Pesticides found in organic tea

Green herb teas are habitually marketed as offering additional health benefits. But eight of ten popular brands contain chemicals that can be hazardous to health, according to a new analysis by the company Testfakta.

Among the teas tested by the firm include one organic brand, Kung Markatta, which was found to contain traces of poisonous pesticides banned by the EU, according to media reports.

“We have decided to halt all sales of the tea from our stocks,” said Peter Engberg at Kung Markatta to Östgöta Correspondenten.

The organic branding organisation Krav has decided to immediately withdraw its classification of the tea.

“We consider this matter to be very serious as the Krav label stands for production without the use of pesticides,” Kristin Cooper at Krav told Dagens Nyheter.

Testfakta tested nine other brands and found traces of pesticide chemicals such as Cypermethrin, Ethion, Deltamethrin as well as substances banned by the EU such as Biphenyl and Azinphos-methyl.

Aside from the Kung Markatta tea the levels found in other brands tested did not exceed Swedish Food Administration (Livsmedelsverket) limits and so no action will be taken.

The only brand in the test found to be free from pesticides was Clipper with tea grown in India and China.

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Swedish bureaucrats force tuna fish on Asian detour

An 11 tonne cargo of tuna fish forced to make a return journey to Thailand because of faulty paperwork has now completed its voyage back to Sweden.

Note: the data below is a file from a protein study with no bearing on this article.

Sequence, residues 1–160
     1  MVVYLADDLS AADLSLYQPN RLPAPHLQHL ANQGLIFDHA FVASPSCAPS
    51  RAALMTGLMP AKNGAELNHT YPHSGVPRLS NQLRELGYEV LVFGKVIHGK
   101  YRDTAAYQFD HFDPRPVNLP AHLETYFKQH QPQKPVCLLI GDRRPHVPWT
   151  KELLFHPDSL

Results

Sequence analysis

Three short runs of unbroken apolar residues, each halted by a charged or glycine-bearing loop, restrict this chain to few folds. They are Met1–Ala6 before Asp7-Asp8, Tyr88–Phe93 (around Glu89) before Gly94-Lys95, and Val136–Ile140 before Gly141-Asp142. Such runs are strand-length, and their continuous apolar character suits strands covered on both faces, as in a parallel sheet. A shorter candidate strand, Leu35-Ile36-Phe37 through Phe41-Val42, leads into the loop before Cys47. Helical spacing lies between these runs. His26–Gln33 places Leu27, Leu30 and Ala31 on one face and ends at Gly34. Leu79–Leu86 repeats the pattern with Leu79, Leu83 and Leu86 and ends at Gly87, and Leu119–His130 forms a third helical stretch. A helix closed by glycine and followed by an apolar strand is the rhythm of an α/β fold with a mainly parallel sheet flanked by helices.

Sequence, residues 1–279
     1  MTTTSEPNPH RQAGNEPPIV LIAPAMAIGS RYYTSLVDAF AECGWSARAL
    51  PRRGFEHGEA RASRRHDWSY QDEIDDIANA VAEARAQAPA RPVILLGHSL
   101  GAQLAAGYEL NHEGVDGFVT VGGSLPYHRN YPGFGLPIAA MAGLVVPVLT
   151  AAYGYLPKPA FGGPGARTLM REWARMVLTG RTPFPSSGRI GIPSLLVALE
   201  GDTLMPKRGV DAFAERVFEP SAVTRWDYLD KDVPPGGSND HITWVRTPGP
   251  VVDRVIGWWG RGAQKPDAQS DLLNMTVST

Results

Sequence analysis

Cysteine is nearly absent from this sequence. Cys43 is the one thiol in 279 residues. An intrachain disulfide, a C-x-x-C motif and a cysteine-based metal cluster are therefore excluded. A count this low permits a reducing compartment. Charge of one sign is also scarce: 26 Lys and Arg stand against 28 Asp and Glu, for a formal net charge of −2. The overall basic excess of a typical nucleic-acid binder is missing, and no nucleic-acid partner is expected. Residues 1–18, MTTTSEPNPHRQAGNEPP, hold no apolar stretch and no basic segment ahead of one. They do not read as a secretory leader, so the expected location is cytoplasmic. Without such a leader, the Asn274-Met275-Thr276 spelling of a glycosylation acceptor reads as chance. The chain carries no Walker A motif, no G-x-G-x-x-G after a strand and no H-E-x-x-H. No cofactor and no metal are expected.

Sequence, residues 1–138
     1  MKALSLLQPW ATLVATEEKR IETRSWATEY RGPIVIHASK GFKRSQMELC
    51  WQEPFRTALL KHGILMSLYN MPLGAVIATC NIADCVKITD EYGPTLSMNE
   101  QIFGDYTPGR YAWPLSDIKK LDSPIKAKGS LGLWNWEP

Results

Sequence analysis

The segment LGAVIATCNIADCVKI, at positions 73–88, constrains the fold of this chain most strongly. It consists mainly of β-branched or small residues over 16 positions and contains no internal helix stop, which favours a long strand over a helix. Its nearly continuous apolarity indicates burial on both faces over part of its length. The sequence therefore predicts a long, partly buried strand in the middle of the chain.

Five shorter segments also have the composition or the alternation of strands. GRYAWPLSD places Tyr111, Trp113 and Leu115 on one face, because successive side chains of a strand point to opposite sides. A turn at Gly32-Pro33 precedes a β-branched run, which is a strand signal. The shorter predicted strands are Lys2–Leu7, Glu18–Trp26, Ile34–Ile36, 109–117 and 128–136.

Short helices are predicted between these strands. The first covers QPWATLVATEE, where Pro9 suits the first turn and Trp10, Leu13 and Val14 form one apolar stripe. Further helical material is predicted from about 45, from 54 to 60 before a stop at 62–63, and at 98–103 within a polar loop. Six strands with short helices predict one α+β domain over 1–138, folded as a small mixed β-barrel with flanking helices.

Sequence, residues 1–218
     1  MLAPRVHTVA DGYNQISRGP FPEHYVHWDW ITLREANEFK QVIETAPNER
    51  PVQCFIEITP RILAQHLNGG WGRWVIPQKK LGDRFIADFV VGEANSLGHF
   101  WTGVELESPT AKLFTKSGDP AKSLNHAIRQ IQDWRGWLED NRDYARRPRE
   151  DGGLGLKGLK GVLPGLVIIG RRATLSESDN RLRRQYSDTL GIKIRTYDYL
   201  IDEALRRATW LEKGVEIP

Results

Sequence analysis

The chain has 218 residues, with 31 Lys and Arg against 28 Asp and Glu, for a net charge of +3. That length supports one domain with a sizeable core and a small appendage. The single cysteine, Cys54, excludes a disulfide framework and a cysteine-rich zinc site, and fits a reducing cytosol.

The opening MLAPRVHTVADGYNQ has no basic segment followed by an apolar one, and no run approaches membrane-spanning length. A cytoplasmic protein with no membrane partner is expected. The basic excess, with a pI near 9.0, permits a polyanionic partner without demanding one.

The cargo of tuna fish originally landed at Gothenburg harbour in June. But as the paperwork was not completed correctly health and safety bureaucrats left the importer with a tough choice – destroy the valuable cargo or send it on a return journey to south-east Asia.

Matkompaniet, a food firm based in Borås in western Sweden, chose the latter course of action, and after an epic voyage lasting several months the cargo has now returned to Swedish shores.

“We don’t know whether to laugh or cry,” Tommy Blomqvist at Matkompaniet said in the face of regulatory intransigence in June.

The firm now hopes that steps can be taken to prevent any future recurrence.

“The regulations forced the National Food Administration to do this. But we have also received indication that the rules could be eased so that it will be easier to correct paperwork errors that have been made,” Pete Karlsson at the firm told local news website on Thursday.